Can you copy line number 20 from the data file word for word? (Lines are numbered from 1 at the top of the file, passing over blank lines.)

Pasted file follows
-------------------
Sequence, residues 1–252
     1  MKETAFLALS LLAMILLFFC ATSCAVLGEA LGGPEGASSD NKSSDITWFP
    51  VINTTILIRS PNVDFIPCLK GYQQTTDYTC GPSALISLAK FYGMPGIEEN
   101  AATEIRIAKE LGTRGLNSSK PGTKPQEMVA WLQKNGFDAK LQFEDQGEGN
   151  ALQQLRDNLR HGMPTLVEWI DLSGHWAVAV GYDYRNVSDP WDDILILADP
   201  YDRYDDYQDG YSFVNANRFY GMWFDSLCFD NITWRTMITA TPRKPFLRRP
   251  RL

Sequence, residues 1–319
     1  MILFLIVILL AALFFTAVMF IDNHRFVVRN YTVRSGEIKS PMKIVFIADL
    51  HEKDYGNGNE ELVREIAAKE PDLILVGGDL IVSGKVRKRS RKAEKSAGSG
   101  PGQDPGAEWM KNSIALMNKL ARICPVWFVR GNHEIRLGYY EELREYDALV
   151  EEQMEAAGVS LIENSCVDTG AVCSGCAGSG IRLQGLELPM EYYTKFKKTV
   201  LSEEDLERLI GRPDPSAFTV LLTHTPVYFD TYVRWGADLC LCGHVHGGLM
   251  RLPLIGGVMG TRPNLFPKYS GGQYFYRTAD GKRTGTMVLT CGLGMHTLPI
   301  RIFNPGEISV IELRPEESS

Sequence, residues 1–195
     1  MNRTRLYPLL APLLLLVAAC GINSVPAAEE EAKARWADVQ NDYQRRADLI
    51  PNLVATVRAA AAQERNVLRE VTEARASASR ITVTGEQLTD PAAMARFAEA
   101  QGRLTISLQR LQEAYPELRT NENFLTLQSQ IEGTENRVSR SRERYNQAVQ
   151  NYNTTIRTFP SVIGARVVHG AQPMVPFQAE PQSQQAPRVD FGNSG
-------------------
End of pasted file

   151  NYNTTIRTFP SVIGARVVHG AQPMVPFQAE PQSQQAPRVD FGNSG